Lawyer for accused neo-Nazi tries to dismiss weapons charges, suppress evidence
Patrik Mathews, who allegedly advocated for killing people and inciting a civil war, remains in custody
The lawyer representing Patrik Mathews is moving to quash criminal charges in a U.S. federal court against his client, a former Manitoba army reservist allegedly involved in a plot to trigger a race war.
Joseph Balter sought in an order Monday to dismiss two criminal charges. He also pushed the federal court to separate his client's trial from the legal proceedings of two co-accused.
Mathews vanished from his home in Beausejour, northeast of the city, last year amid allegations he was a recruiter for a white-supremacist group called The Base. At the time, he was a combat engineer with the 38 Canadian Brigade Group in Winnipeg.
Mathews and two Americans, both alleged members of the violence-promoting neo-Nazi group, were arrested in the U.S. in January.
In his motion, Balter claims the "vast majority of the discovery" does not relate to Mathews' alleged offences. Balter claims the jury will be incapable of separating the "substantially broader" evidence needed to prove the other two men were motivated by The Base.
"To prove Mr. Mathews' offence, the government only needs to show limited evidence regarding Mr. Mathews' possession of a firearm," the motion reads.
Allegedly seeking an 'ethno-state'
Mathews is facing a total of four charges, each of which carries a maximum penalty of 10 years in prison: two counts each of two charges related to possessing and transporting a firearm and ammunition while in the country illegally.
Prosecutors allege in court documents, filed earlier this year, that Mathews videotaped himself advocating for killing people, poisoning water supplies and derailing trains to incite a civil war in the name of creating a white "ethno-state."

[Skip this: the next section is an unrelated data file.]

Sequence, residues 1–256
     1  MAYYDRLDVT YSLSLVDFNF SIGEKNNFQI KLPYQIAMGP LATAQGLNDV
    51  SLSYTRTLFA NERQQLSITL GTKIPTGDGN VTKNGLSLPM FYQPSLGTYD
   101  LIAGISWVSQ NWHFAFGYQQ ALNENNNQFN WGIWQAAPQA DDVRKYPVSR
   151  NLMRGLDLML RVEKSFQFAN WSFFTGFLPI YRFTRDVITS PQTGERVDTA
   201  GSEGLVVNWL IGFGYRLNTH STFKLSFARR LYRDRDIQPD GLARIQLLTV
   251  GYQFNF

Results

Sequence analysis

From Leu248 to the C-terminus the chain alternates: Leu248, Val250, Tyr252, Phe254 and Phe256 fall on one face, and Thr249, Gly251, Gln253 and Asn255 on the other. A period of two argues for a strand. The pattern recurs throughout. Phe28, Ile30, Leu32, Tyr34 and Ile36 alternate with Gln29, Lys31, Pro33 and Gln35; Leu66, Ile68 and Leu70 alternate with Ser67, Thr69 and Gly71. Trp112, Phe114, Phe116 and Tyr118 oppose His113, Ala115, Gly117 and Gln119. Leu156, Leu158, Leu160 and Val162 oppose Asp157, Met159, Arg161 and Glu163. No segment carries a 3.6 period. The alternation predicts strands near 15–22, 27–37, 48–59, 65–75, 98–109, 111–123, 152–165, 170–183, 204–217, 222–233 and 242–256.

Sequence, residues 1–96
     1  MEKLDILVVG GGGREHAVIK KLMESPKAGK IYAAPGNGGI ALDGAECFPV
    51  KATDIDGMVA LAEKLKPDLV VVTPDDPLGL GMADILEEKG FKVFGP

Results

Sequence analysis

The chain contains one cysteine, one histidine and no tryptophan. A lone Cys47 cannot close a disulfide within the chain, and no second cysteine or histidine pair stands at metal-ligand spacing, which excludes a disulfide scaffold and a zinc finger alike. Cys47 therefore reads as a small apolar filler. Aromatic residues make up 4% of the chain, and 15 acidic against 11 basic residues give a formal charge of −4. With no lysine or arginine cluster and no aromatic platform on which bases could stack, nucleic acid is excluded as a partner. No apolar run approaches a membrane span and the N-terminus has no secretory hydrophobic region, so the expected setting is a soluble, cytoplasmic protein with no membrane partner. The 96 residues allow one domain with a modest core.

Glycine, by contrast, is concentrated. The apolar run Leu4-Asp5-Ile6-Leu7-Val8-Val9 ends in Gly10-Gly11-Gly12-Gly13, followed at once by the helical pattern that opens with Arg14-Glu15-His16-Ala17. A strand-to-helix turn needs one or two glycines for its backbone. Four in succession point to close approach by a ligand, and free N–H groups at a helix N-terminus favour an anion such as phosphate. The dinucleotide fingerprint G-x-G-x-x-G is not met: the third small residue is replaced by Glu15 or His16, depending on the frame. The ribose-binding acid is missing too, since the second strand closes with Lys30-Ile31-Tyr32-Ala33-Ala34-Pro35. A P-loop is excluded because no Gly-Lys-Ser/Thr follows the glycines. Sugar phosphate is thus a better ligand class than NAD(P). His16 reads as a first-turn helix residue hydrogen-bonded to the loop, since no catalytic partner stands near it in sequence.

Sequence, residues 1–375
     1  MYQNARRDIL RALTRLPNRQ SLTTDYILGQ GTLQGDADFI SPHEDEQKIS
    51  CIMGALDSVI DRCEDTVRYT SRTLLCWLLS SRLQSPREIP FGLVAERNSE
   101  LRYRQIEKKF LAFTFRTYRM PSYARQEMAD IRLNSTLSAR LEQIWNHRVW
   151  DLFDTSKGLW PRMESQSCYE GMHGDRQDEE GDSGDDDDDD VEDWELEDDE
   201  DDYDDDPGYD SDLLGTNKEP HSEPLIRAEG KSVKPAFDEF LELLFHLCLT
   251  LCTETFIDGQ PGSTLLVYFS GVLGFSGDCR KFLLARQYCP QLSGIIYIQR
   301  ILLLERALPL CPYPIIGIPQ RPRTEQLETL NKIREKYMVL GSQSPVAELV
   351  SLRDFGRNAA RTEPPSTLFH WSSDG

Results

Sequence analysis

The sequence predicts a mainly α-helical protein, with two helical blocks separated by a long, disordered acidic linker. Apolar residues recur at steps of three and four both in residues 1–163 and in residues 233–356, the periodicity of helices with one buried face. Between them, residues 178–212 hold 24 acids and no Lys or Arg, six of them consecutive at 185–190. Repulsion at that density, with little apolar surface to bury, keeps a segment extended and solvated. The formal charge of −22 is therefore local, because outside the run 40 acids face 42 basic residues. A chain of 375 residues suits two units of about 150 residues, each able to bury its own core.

On Monday, Balter filed motions to quash much of the amassed evidence against his client.
Balter argued the federal agents did not establish probable cause to permit the warrants for Mathews' phone and email address.
The lawyer said the government relied upon evidence gathered against other individuals. The agents "cherrypicked the most inflammatory statements" in applying for the warrants, while excluding the instances where members of The Base were told to not do anything illegal.
Balter also argued the government did not demonstrate that Mathews showed any imminent intent to commit a hate crime or incite riots and as such, Mathews' communication is protected free speech.
Balter pushed as well to suppress video surveillance footage and wiretapped audio, arguing the government did not exhaust less intrusive methods of investigation first.
He asked to quash any "statements, admissions, or confessions" made in an interrogation following Mathews' arrest in Maryland, where he remains in federal custody.
Previous court documents alleged Mathews and one of his alleged co-conspirators, Brian Lemley Jr., were planning to violently disrupt a massive gun-rights rally in January in Richmond, Va.
Investigators used a closed-circuit television camera and microphone, hidden in a home in Delaware, to record Mathews calling the Virginia rally a "boundless" opportunity.
"All you gotta do is start making things go wrong and if Virginia can spiral out to [expletive] full-blown civil war," the documents quote Mathews as saying.
FBI agents arrested the trio — the third accused is William Bilbrough — Jan. 16 as part of a broader investigation of The Base. Authorities in Georgia and Wisconsin also arrested four other men linked to the group, which has been attracting scrutiny from law enforcement.
Investigators found a number of videos on a computer belonging to Mathews, including one that depicts him wearing a gas mask and distorting his voice.
"The time for violent revolution is now, that time is already here, it's here right now as we speak," the documents quote Mathews saying on the video.
"For those who want to do nothing and who want a comfortable life, that's not an option. This is the age of war."
With files from The Canadian Press